in texas or he worked for many, many years. he helped nurture george w. bush and help him get elected. governor of texas, then was beyond his presidential election as well. he is very, very strong in the texas energy industry, knows many wealthy people there. he is, by all accounts, a terrific fund-raiser. and someone -- wealthy people enjoy talking about politics with him. this is not a science. this is an art. it is a question of personal relationships. karl rove is very skilled and those things. >> what about his relationship with romney? >> they have no long history of friendship or alliance. but karl rove has become basically the embodiment of the establishment of republican party in the same way that romney is sort of the alternative to the tea party, rove is the alternative. rove basically helped push the tea party candidates to one side. he was important in 2010, 2011 criticizing people like michelle bachmann, herman cain, and basically helping us sort out the republican field so that romney could emerge. and this is because karl rove and his allies saw romney as the most elec
esparza. he just left colorado and is now home in texas. where were you in the theater? >> i was approximately in the third row -- in the third row, around 17 seats down from the middle. >> can you tell us what happened in theater 9? >> it was approximately 15 minutes into the movie when we heard the door being kicked open. apparently, it had been propped open. somebody walked in and threw a smoke grenade into the crowd. we thought it was a practical joke. i personally thought it was a stink bomb or something juvenile. when the canister exploded, everybody started screaming, and that is when the gunmen opened fire on the crowd and pandemonium broke out. >> how close were you to him? >> approximately 10 feet from him. >> what was he wearing, could you see him? >> yes, very clearly. and believe he was wearing camouflage pants. he had a lot of body armor on. he had a riot helmets, a gas mask, goggles, and all this weapons. he was heavily armed and protected. >> when did you realize he was not just in a batman costume like a lot of the people there for the premiere of the film? >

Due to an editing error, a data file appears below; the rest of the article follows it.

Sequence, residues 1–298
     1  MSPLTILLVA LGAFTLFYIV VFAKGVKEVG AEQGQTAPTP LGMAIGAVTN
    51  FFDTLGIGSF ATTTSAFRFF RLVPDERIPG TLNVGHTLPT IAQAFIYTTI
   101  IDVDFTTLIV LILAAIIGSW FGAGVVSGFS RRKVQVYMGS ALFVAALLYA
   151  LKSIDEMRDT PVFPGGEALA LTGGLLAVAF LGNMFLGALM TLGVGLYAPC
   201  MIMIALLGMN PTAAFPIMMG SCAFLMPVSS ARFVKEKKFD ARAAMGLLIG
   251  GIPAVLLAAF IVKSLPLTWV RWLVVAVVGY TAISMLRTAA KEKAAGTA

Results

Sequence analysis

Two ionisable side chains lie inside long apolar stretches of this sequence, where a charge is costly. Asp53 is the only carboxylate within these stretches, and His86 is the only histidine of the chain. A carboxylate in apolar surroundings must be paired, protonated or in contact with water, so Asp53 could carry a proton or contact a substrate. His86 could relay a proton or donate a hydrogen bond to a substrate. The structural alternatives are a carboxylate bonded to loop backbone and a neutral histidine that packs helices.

from? it is a maverick company. they do not do that in texas. [laughter] we will do that lots when we get to where we're going to get. if it carefully on the ground, their social enterprises popping up, credit unions, etc., and many more benchmark experiments. at something like 20 states have legislation before them like the bank of north dakota, the state owned bank. [applause] and another 20 states are considering single payer. [applause] here is the issue. as the pain deepens, that is why the era is critical. the pain it deepens and we have time to build. we work to build more and more people begin to see, you've got to come up with an answer. my judgment -- and i think i'm not blowing smoke -- those kinds of experiments are the only way to build the popular base with politics in the projects. there is a beautiful thing going on in cleveland, ohio we have been involved with. in 1977 when the first big deal closing occurred -- still closing occurred and they got clobbered, a lot of people were involved. in ohio, it is a bigger idea of worker ownership. people understand it. in cleve